Now is the worst time to change the Constitution

March 13, 2024

by Sonny Africa

It’s the worst time to change the Constitution because the motive force behind the Charter change (Cha-cha) effort is the country’s ascendant political dynasty – and its motive is simply to keep power for as long as it can. If successful, the impact on the country will be more like the great leap backward when the 1973 Constitution was rigged than the tentative steps forward under the people power-driven 1987 Constitution.


There shouldn’t be any doubt that the Marcos-Romualdez clan is behind the Cha-cha moves today. In particular, it’s Pres. Ferdinand Marcos Jr following in the footsteps of daddy dictator Pres. Ferdinand Marcos Sr who was brazen enough to revise the 1935 Constitution simply out of self-interest.

Pres. Marcos Jr agreed to the grossly cynical “people’s initiative” that his cousin, House speaker Ferdinand Martin Romualdez, put into play to give the House of Representatives (HOR) superpowers to change the 1987 Constitution. The president is also behind Senate president Juan Miguel Zubiri’s joint resolution on supposedly just tweaking some of the charter’s economic provisions, as well as the counterpart joint resolution subsequently filed in the HOR. The HOR’s version copies the Senate’s but predictably deletes mention of voting separately.

Cha-cha proponents are a disparate bunch and include dogmatic or misinformed globalizers, well-meaning federalists and unicameralists, petty politicians kowtowing to power, and all sorts of other folks. But the irreducible hard-core exponent today is the family that is currently at the top of the country’s dynastic heap – the Marcos nepotocracy. They are maneuvering against that other one, the upstart Dutertes, which is trying to claw its way back to the top.

Economic Cha-cha is just a trojan horse to get a charter change process going. The real intent is to change the political provisions through a constitutional assembly, through the so-called fourth mode (or Bernas formula) of simulating ordinary lawmaking, or through whatever other legalistic scheme they can think up.

Truth be told, the economic Cha-cha decoy is a flimsy one. It only has traction because of the motley crew of proponents producing an endless stream of fallacies and falsehoods, misinformation and disinformation, and denialism and dogma. Among the most basic errors of economic Cha-cha proponents, like those who insist on the pseudo-science that the earth is flat, is denying that the Philippine economy is already among the most open to foreign investment in the region. The 1987 Constitution is so flexible that ordinary laws have been used to bypass its supposedly restrictive provisions.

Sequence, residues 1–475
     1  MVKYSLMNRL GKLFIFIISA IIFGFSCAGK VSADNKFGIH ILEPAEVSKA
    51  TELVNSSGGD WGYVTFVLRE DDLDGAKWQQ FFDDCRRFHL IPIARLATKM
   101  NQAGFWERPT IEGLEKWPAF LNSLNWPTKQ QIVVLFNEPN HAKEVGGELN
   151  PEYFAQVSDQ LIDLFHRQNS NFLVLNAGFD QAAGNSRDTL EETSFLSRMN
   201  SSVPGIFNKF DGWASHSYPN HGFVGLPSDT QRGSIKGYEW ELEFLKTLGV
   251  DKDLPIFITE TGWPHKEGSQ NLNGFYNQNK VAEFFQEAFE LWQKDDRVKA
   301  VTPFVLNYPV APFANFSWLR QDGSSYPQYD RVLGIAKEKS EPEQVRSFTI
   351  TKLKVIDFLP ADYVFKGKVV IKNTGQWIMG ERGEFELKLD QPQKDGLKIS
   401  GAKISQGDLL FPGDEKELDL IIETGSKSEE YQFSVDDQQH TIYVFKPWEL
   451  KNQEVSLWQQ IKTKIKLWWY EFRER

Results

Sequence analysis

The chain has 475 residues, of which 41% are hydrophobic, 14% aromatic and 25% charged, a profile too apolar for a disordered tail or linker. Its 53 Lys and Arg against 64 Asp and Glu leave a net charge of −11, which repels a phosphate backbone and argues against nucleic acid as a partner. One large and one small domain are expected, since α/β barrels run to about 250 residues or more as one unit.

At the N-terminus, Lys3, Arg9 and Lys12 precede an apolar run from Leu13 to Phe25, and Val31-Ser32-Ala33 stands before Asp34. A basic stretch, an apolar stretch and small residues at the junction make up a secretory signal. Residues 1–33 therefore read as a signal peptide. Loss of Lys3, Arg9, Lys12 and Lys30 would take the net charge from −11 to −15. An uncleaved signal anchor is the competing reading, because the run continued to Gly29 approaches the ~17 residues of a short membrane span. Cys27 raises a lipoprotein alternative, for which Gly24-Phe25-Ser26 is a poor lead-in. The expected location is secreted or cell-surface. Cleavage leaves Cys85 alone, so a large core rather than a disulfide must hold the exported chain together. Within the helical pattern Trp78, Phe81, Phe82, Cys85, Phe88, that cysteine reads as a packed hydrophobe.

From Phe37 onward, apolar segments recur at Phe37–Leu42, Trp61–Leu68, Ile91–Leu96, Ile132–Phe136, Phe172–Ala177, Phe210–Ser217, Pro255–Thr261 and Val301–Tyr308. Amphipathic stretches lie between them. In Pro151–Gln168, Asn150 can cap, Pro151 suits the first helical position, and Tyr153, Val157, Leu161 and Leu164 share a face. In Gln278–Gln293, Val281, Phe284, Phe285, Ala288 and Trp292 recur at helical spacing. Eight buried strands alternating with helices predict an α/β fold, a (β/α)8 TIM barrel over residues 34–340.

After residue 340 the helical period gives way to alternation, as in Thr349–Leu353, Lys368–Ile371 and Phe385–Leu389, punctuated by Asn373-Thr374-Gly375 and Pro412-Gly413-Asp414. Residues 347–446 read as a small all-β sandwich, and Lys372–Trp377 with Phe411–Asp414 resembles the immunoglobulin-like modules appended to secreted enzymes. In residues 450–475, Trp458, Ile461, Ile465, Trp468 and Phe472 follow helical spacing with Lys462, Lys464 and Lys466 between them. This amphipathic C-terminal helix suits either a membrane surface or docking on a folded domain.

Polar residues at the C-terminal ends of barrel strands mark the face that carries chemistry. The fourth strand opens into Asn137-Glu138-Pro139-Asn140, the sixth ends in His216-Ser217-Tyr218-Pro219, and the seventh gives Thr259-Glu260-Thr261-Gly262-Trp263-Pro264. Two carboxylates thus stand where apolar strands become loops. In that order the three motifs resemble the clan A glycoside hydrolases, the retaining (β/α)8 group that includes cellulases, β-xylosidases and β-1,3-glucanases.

The global economy is also changing rapidly, but not towards the globalization that was in vogue in the 1990s and 2000s. That era is long past and the notion of a globalizing world should be put to rest as well. The Marcos administration can ask the United States (US), into whose fold it is so eager to return after the previous Duterte government’s flirtation with China. Over the last 15 years, the US has implemented the most new protectionist measures than any other country. Foreign investment restrictions and regulations have also been on the rise over that same period.

Obsolete free market belief blinds economic Cha-cha flat-earthers to growing protectionism by the industrial powers to develop semiconductors, renewable energy, and other critical technologies and infrastructure. National industrialization policy is even more pressing for the Philippines which has become so deindustrialized and underdeveloped by decades of neoliberal globalization.

Rebel baby

Every Constitution is a product of its time. The 1987 Constitution was drawn up after the 1986 People Power Revolution when the Filipino people, through collective action, ousted the Marcos regime. The anti-dictatorship struggle and mass movement were potent political forces and able to inject progressive notions into the constitutional drafting process – hence, a charter imbued with resistance against authoritarianism and the desire for genuine democratic reforms.

In stark contrast, the present political landscape is marked by populism and manipulated public sentiment, oligarch- and foreign-dominated governance, and political violence and repression.